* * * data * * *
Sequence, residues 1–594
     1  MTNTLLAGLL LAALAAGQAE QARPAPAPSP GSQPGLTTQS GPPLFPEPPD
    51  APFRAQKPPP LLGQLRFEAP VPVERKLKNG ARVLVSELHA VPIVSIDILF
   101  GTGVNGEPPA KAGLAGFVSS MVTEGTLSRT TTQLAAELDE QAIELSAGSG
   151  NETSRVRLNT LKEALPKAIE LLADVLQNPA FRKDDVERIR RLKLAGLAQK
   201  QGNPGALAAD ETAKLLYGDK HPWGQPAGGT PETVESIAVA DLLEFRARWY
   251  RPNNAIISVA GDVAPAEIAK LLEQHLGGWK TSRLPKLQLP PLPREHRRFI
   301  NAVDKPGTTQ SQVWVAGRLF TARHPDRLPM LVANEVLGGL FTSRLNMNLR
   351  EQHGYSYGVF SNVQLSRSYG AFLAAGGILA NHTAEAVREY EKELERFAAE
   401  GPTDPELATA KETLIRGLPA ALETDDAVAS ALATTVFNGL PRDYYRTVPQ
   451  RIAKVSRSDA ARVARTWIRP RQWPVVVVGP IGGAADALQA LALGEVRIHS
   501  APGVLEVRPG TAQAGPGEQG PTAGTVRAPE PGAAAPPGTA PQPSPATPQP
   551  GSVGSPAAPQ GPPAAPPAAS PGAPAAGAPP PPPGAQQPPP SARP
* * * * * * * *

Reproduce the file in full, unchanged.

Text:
Sequence, residues 1–594
     1  MTNTLLAGLL LAALAAGQAE QARPAPAPSP GSQPGLTTQS GPPLFPEPPD
    51  APFRAQKPPP LLGQLRFEAP VPVERKLKNG ARVLVSELHA VPIVSIDILF
   101  GTGVNGEPPA KAGLAGFVSS MVTEGTLSRT TTQLAAELDE QAIELSAGSG
   151  NETSRVRLNT LKEALPKAIE LLADVLQNPA FRKDDVERIR RLKLAGLAQK
   201  QGNPGALAAD ETAKLLYGDK HPWGQPAGGT PETVESIAVA DLLEFRARWY
   251  RPNNAIISVA GDVAPAEIAK LLEQHLGGWK TSRLPKLQLP PLPREHRRFI
   301  NAVDKPGTTQ SQVWVAGRLF TARHPDRLPM LVANEVLGGL FTSRLNMNLR
   351  EQHGYSYGVF SNVQLSRSYG AFLAAGGILA NHTAEAVREY EKELERFAAE
   401  GPTDPELATA KETLIRGLPA ALETDDAVAS ALATTVFNGL PRDYYRTVPQ
   451  RIAKVSRSDA ARVARTWIRP RQWPVVVVGP IGGAADALQA LALGEVRIHS
   501  APGVLEVRPG TAQAGPGEQG PTAGTVRAPE PGAAAPPGTA PQPSPATPQP
   551  GSVGSPAAPQ GPPAAPPAAS PGAPAAGAPP PPPGAQQPPP SARP